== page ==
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Reducing Fashion Waste in the UK: Lessons We Can Learn From France's Clothing Repair Bonus Scheme

A new garment repair scheme in France begins in October, which will encourage people to take their clothes and shoes to get mended, rather than throwing them into landfill.

The repair bonus scheme will allow people to claim "between €6 (£5) and €25 (£21) of the cost of mending clothes and shoes in workshops or at cobblers that have joined the scheme."

Here's why the UK should also follow suit and help to combat fast fashion waste.

Lessons We Can Learn From France's Clothes Repair Bonus Scheme

Lots of Clothes and Shoes are Salvageable

Shoes and clothes can be fixed. Even the cheap stuff. Sometimes, especially in the case of reheeling some shoes or boots, the replacement heel can last much longer than the original.

£5-£20 can go a long way in most common repairs. A local laundrette in Newcastle charges £13 to patch a hole in a pair of jeans. Small repairs like replacing a button or press stud costs just £3.

We can also learn to embrace the imperfections, especially when it comes to patching up jeans, jackets and other well-wearing clothes. In fact there are techniques like sashiko which have celebrated the aesthetics of visibly repairing clothes for centuries. 

Wear Clothes Longer

The immediate benefit of subsiding the cost of repairing clothes is that people will can wear their favourite clothes for longer.

It makes the decision to repair more attractive than buying a brand new replacement.

Cheap fashion is probably why so few clothes are repaired in the first place. For many, it isn't worth bothering attempting a repair when you can ship something impossibly cheap from Shein or Temu at the click of a button. 

In fact, 700,000 tonnes of clothing is thrown away in France every year, two thirds of it going to landfill. 

Lots of people may feel like they lack the time or skills to repair a garment. So giving them the chance to get it repaired by a professional will hopefully result in fewer garments being sent to landfill. 

Read More: Fast Fashion Environmental Facts

Hold Fast Fashion to Account

France's clothing repair scheme is funded by a special pot of money that the French government has set aside for five years.

The fund is around €154 million or £131.1 million.

Eco-organisation Refashion will run the repair scheme with all sewing workshops and shoemakers invited to join.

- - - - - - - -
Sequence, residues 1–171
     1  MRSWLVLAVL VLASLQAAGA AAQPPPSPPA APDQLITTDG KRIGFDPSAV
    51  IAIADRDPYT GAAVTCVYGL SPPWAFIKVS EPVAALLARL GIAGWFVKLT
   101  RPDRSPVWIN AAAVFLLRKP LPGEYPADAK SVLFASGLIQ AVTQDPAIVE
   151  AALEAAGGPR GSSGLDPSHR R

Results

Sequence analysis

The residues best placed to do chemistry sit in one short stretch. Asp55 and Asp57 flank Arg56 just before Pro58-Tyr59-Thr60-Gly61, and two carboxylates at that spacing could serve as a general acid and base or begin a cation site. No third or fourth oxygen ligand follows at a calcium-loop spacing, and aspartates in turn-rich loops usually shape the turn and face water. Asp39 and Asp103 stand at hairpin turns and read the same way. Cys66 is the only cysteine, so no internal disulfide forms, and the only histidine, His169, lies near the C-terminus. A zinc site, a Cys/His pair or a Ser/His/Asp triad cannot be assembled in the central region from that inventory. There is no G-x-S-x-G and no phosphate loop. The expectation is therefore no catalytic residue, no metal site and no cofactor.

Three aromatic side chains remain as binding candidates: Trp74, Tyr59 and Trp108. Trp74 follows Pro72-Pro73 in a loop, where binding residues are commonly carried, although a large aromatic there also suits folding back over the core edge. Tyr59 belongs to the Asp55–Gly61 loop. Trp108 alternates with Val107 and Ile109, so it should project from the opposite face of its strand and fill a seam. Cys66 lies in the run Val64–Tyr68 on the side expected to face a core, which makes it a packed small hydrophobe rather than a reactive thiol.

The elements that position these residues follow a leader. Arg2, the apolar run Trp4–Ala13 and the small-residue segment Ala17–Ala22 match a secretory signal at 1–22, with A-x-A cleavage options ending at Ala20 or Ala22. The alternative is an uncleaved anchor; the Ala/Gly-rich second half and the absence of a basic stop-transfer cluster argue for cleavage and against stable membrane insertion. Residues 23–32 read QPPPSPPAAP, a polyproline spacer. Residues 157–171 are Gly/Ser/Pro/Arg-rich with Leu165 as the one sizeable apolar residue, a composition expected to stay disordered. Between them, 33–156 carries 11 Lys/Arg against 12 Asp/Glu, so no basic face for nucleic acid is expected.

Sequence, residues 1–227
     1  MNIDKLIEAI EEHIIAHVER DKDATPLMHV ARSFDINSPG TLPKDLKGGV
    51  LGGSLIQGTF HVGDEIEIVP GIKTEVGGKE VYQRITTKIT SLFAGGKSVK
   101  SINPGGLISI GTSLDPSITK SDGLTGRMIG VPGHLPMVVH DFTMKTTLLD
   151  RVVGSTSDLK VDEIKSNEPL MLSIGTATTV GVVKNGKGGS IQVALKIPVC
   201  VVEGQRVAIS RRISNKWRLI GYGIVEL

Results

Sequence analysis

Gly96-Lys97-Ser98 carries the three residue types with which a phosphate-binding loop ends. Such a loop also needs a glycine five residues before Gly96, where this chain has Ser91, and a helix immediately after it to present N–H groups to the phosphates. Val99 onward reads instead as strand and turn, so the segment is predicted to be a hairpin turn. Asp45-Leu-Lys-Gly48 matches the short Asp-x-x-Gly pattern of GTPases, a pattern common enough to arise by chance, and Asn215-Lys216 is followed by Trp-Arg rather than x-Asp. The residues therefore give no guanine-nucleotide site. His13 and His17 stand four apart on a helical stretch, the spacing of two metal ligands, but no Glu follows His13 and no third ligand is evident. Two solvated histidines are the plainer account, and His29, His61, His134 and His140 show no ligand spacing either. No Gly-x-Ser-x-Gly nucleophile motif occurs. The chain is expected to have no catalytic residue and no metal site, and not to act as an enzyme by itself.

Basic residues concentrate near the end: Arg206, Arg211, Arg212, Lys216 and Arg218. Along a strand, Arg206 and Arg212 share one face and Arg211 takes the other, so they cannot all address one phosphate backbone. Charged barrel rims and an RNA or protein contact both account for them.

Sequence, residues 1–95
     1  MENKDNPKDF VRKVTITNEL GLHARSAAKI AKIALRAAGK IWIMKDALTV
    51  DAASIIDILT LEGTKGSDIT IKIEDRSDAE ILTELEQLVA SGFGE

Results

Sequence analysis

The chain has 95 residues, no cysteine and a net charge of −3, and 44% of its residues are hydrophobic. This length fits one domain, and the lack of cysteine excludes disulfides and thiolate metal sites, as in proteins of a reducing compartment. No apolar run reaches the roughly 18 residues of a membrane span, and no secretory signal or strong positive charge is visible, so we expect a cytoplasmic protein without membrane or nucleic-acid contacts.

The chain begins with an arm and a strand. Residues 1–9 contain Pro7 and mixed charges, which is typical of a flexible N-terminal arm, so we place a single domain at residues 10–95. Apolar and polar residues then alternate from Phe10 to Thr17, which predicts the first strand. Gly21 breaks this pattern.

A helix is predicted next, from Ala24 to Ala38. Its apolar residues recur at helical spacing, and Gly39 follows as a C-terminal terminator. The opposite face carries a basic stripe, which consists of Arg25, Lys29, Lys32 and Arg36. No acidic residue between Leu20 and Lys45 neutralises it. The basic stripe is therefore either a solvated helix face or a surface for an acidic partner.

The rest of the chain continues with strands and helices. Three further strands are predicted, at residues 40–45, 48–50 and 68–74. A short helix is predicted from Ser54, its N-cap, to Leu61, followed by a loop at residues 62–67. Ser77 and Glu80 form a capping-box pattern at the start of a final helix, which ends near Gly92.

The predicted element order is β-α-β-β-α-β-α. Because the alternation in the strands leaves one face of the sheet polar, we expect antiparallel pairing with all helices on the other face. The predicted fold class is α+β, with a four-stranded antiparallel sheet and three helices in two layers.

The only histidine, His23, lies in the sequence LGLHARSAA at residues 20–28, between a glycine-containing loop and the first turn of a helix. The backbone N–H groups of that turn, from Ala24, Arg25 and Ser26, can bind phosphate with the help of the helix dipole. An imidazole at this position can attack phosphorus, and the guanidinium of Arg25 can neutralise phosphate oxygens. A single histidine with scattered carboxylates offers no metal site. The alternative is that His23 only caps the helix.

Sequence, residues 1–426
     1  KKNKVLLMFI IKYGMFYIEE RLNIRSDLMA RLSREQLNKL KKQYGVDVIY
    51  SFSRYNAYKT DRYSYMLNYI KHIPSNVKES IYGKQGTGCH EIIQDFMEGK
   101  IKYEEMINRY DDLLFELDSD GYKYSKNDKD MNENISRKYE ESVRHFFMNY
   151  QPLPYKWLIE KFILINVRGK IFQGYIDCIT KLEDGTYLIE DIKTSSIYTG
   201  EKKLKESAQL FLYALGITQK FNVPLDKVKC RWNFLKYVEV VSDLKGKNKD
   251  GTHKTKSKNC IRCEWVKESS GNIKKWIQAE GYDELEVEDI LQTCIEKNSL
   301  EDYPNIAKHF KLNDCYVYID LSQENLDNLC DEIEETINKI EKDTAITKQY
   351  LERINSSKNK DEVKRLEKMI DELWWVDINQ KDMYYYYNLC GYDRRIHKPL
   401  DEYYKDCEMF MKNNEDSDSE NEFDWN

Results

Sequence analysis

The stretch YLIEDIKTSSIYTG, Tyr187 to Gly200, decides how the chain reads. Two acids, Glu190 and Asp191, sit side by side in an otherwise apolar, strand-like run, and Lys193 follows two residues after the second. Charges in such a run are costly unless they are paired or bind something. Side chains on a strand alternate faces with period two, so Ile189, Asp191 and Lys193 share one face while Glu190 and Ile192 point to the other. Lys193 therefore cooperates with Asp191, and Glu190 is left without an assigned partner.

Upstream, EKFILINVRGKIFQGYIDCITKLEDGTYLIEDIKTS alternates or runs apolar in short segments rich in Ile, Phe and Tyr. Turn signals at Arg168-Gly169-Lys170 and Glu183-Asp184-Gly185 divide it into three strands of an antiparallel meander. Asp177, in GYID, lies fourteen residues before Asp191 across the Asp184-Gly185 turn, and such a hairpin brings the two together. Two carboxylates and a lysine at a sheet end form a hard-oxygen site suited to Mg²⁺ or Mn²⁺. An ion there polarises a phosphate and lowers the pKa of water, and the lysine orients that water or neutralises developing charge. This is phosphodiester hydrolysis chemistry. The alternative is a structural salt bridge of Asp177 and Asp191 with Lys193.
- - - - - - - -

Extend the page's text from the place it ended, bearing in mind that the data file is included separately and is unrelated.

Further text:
But imagine if fast fashion brands and retailers had to pay the cost of repairing items instead?

It could encourage them to make clothes more durable in the first place.

Read More: How to Make Clothes Last Longer

Perhaps that's a bit of wishful thinking. But regardless of where the refund comes from, ultimately making repairs more affordable means people could potentially buy less brand new fast fashion.

Would that be enough to hit fast fashion brands where it hurts?

Encourage Careers in the Circular Economy

Setting up a repair fund is also a great way of creating more work for workshops and cobblers. In turn, it could allow for more jobs in order to meet the demand for clothing repairs. This can begin to grow, offering people more choices when it comes to repairing clothes, or investing in sewing equipment. 

What if we also introduced a scheme for getting clothes altered too? Or even funding crash courses on how to tailor and alter your own garments?

Embrace A More Circular Economy

Another good reason for a similar scheme is that it promotes a more circular economy all round. From the initial point of creating new items, making them last longer and to reusing them when they're getting towards end of life, having a repair scheme for clothes could have a wider knock on effect. 

Read More: Why is a Circular Economy Important?

Having a government-led fund really draws attention to the fact that repairing your clothes is something important, raising awareness and actually rewarding people for getting things repaired. 

This is not the only move that the French government is implementing. From 2020, they have started a six year plan which is backed by law to change production methods and consumptions habits in relation to household goods.

Other measurers including banning disposable cutlery, plates and cups for restaurants with more than 20 seats. 

The Guardian reports that more restrictions are also planned, particularly surrounding microplastics and plastic packaging. 

Switching to a more circular economy is going to require this carrot and stick approach. We will need to ban or phase out certain materials or ways of making items, in order to ensure more items can be reused over and over again. In the same way we need to make it desirable to reuse clothing or to want to take part in the circular economy. So creating funds to make it easier and more accessible would certainly help. 

So what do you think - should the UK also introduce something similar? Drop a comment below. 

Main Photo Credit

Alex Andrews, Pexels. See licence.

 

 

 

 

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